The acceptability of teleaudiology and access to audiological services outside of major urban areas: New Zealand patient and provider perspectives

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dc.contributor.advisor Welch, David
dc.contributor.advisor Reddy, Ravi
dc.contributor.author Boseley, Helen
dc.date.accessioned 2021-11-15T02:38:05Z
dc.date.available 2021-11-15T02:38:05Z
dc.date.issued 2021 en
dc.identifier.uri https://hdl.handle.net/2292/57436
dc.description Full Text is available to authenticated members of The University of Auckland only. en
dc.description.abstract Aims: To investigate the accessibility of audiological services in rural and non-major centres of New Zealand and the acceptability of teleaudiology as a service delivery intervention for rural and non-major populations. Background: Hearing loss is a common disability which largely goes undiagnosed and untreated and costs the New Zealand economy billions each year. Population projections predict rural areas will see the largest increases in the proportion of elderly. Consequently, it is expected that rural and non-major urban areas will see more elderly with more severe hearing impairments. Accessibility of healthcare services is a challenge in rural areas which telehealth has the potential to overcome. Research on the acceptability of teleaudiology services is limited, and there is no research on the accessibility and uptake of audiological services in the context of New Zealand rural and non-major urban areas. Methods: Semi-structured interviews were conducted with seven patients who had used a teleaudiology service, and four each of private and public audiological service providers. A thematic analysis of interview transcripts was conducted using an inductive approach. Results: Seven common themes across participant groups were identified. These were accessibility, financial barriers, communication, attitudes, technology, preference of service delivery, and knowledge and awareness. In addition, three lifestyle factors relating to the uniqueness of living rurally and outside of major urban areas were identified. Conclusions: Staff shortages, distance, and transportation were key accessibility barriers for patients living outside of major urban areas, for which teleaudiology offers a solution. This research has highlighted ways in which communication, trust, and knowledge and awareness of hearing loss and audiological services can be improved to increase the acceptability of teleaudiology services. However, in-person services remain an important part of service provision in these populations, and this study indicates audiological services are not being adequately provided in these communities.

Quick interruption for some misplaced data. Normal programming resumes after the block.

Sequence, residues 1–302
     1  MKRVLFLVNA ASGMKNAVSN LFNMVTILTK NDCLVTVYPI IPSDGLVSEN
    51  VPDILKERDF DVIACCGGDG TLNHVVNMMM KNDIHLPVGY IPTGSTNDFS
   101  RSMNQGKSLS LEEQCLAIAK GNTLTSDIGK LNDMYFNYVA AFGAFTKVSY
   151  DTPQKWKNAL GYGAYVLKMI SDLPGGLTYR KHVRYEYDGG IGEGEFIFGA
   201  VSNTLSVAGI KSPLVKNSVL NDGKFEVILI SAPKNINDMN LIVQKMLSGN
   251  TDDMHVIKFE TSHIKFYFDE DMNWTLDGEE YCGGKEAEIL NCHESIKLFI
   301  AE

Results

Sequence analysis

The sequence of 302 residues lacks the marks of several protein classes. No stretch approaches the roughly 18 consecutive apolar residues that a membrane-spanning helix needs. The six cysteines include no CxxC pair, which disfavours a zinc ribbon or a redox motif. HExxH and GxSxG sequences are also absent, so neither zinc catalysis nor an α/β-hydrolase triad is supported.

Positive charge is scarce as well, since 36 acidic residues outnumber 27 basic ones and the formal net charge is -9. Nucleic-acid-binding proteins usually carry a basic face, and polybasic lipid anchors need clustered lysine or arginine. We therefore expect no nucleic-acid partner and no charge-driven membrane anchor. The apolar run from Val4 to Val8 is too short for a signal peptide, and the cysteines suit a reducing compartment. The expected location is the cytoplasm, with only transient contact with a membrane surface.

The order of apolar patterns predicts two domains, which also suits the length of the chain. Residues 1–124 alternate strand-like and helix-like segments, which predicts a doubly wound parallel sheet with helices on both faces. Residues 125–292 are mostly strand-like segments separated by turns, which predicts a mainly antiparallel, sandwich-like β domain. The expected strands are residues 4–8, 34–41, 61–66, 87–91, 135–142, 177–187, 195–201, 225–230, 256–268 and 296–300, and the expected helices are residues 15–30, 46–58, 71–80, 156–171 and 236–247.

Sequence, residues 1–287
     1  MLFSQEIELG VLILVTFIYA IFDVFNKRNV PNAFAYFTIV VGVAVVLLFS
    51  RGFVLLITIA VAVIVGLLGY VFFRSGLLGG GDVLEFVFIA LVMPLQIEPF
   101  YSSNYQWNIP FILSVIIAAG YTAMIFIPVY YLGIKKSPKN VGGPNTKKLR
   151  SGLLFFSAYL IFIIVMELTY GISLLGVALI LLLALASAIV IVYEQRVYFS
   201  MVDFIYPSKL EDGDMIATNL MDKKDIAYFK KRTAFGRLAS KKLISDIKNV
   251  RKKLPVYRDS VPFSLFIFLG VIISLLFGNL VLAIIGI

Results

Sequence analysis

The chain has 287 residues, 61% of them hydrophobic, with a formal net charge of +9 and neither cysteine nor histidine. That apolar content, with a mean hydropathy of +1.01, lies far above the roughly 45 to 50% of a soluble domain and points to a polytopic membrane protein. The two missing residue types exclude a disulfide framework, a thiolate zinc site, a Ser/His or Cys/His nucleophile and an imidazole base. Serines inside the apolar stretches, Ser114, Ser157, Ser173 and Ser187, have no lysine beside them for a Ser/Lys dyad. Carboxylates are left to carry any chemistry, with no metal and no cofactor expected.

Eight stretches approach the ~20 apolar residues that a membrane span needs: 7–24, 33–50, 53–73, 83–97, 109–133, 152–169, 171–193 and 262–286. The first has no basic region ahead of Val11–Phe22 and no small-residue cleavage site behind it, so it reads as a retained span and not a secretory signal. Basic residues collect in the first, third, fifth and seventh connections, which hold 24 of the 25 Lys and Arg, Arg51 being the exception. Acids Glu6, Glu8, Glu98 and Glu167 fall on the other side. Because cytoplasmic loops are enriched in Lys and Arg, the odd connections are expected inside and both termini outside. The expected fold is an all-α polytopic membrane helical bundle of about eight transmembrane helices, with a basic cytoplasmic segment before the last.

dc.publisher ResearchSpace@Auckland en
dc.relation.ispartof Masters Thesis - University of Auckland en
dc.relation.isreferencedby UoA en
dc.rights Restricted Item. Full Text is available to authenticated members of The University of Auckland only. en
dc.rights Items in ResearchSpace are protected by copyright, with all rights reserved, unless otherwise indicated.
dc.rights.uri https://researchspace.auckland.ac.nz/docs/uoa-docs/rights.htm en
dc.rights.uri http://creativecommons.org/licenses/by-nc-nd/3.0/nz/
dc.title The acceptability of teleaudiology and access to audiological services outside of major urban areas: New Zealand patient and provider perspectives
dc.type Thesis en
thesis.degree.discipline Audiology
thesis.degree.grantor The University of Auckland en
thesis.degree.level Masters en
dc.date.updated 2021-10-14T04:38:22Z
dc.rights.holder Copyright: the author en


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